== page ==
Taslima Nasreen on Saturday told journalists here she has been granted residential visa by India.
This followed her meeting with Indian Home Minister Rajnath Singh, to whom she requested for grant of long-term extension of her residence permit.
“I met Rajnath Singh today (Saturday) and gave him my book ‘Wo Andhere Din’ (Those Dark Days). In return he said my dark days are over,” Taslima told bdnews24.com.
Earlier, Taslima had expressed her anguish after the government on Wednesday refused her a one-year visa giving her instead a temporary permission to stay in India for two months.
After her furious outburst on a social networking site, huge support for her has been pouring from various quarters in India.
Press Council of India Chairperson and former Supreme Court judge Markandey Katju demanded permanent visa for the 52-year-old writer who has been living in exile since 1994.
Taslima, however, expressed her surprise over intellectuals from Kolkata — her “second home” — remaining silent on the issue.
Most West Bengal intellectuals, specially those close to the state’s ruling Trinamul Congress, are uncomfortable with the prospects of her return to India.
“I am surely surprised that people in Kolkata known for their righteous stand have chosen to remain silent. But at the same time I must admit I have gotten used to this. There were not many voices when I was thrown of my home — Kolkata,” she said.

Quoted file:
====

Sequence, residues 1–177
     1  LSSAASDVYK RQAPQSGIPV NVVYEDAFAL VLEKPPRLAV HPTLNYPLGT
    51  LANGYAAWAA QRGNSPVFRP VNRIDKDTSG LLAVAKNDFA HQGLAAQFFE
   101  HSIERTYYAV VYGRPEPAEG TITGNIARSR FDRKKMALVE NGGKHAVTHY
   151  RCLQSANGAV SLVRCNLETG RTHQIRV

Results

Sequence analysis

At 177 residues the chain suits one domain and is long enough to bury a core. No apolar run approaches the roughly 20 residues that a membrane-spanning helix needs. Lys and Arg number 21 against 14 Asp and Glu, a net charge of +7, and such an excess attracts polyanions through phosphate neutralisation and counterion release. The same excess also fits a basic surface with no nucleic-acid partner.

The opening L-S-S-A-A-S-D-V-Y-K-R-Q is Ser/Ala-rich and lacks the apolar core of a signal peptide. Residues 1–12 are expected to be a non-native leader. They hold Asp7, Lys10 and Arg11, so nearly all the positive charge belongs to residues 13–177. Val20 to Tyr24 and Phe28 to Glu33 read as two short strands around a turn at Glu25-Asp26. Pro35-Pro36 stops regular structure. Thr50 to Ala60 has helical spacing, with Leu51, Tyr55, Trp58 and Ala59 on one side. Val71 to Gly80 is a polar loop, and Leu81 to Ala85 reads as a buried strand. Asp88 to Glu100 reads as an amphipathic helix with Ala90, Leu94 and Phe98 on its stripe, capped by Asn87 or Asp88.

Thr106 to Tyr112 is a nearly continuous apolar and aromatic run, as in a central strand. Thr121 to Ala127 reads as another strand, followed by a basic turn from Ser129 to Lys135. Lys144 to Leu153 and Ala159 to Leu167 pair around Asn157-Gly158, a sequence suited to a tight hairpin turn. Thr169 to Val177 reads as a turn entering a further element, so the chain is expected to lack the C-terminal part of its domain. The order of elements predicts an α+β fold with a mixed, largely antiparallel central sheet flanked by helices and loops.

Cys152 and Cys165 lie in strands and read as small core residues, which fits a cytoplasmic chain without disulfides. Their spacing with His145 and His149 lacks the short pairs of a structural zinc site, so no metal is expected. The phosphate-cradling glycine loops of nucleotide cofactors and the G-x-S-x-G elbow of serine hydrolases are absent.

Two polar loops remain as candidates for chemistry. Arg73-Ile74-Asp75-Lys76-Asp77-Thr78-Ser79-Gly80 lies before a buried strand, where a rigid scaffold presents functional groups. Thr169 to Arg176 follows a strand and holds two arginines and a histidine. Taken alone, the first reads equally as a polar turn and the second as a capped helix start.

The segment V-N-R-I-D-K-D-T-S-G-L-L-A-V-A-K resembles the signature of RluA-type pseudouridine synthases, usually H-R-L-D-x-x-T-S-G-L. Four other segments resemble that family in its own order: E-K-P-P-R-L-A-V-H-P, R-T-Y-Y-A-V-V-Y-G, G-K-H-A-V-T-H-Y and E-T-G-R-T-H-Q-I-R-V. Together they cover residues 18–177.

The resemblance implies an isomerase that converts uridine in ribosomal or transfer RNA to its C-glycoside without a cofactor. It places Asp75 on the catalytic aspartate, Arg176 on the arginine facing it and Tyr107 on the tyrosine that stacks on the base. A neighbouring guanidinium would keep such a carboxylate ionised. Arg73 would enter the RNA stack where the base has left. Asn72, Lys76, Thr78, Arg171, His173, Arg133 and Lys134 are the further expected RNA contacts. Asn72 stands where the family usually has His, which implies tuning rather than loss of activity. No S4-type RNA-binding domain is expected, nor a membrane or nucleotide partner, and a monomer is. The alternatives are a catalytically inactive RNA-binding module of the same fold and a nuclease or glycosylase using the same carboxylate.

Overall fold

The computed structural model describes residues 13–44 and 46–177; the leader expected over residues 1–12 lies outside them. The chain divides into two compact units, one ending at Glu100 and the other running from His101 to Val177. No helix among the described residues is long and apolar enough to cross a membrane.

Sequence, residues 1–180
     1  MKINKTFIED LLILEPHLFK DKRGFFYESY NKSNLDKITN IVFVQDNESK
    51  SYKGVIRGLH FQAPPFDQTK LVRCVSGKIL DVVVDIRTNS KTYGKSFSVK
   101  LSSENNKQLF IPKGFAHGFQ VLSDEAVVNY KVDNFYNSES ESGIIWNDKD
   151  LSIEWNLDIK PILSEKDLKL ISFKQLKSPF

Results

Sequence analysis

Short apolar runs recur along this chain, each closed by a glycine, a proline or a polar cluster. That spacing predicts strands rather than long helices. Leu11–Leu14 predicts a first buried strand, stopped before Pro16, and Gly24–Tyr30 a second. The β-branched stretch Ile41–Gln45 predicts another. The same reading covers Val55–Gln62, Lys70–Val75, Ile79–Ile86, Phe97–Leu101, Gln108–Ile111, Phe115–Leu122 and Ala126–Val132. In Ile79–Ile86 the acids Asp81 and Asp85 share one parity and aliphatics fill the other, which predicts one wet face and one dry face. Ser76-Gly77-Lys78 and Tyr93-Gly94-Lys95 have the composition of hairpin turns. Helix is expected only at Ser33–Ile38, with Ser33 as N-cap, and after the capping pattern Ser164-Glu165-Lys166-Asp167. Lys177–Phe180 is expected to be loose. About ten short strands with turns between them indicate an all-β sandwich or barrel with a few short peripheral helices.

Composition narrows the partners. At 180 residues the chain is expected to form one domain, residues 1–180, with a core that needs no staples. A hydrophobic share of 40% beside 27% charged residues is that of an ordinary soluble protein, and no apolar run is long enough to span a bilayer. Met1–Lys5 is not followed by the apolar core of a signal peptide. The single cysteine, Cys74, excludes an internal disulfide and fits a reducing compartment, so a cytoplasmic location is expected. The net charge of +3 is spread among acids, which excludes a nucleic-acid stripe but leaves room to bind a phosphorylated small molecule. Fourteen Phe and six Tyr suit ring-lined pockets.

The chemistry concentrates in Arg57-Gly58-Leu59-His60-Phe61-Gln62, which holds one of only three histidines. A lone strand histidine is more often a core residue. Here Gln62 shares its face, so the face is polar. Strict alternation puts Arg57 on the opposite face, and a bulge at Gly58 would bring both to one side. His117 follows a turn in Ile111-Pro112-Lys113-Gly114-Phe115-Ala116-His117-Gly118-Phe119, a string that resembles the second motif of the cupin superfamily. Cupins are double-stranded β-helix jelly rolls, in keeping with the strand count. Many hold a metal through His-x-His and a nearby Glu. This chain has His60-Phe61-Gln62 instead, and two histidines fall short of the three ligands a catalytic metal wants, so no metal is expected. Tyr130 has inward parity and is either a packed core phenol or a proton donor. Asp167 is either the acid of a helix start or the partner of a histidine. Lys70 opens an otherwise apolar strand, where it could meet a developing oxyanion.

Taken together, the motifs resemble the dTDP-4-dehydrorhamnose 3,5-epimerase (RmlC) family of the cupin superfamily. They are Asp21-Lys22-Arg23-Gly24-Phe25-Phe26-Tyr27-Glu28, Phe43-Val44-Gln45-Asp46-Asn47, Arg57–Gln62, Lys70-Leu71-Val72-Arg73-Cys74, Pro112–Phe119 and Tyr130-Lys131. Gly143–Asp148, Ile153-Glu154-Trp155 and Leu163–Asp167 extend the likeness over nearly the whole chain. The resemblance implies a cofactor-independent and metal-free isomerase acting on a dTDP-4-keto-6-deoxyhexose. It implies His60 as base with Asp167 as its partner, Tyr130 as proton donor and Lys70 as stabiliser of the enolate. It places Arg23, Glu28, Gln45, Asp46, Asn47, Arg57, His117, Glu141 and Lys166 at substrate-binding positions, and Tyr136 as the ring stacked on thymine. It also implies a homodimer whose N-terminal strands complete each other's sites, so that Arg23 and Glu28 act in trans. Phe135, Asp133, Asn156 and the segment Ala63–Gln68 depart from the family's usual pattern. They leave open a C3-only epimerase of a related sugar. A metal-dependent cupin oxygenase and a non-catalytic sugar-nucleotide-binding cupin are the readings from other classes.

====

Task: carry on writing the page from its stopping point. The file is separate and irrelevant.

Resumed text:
‘Exiled’ from Bangladesh in 1994 for “hurting religious sentiments” with her novel “Lajja”, Taslima Nasreen took refuge in Kolkata in 2004.
But after violent protests in the city in November 2007, the erstwhile Left Front government whisked her away to New Delhi where she has been living since then.
Eager to come back to Kolkata, Taslima said so long as the Mamata Banerjee government in the state continues to accede to the whims of religious fanatics, her return to the city is not possible.
“By banning my tele-serial Dusahobas, this government denied me a slice of livelihood. I have been repeatedly writing to Mamata Banerjee expressing my wish to come back to Kolkata, but so long as she continues to listen to the fanatics my return will never be possible,” she added.
She said “Dusahobas” a story of three sisters and their triumph over the injustices meted out by the patriarchal society, would have been a source of inspiration at a time when crime against women was on the rise in the state.
Following protests by minority religious groups, the TV serial was refused telecast.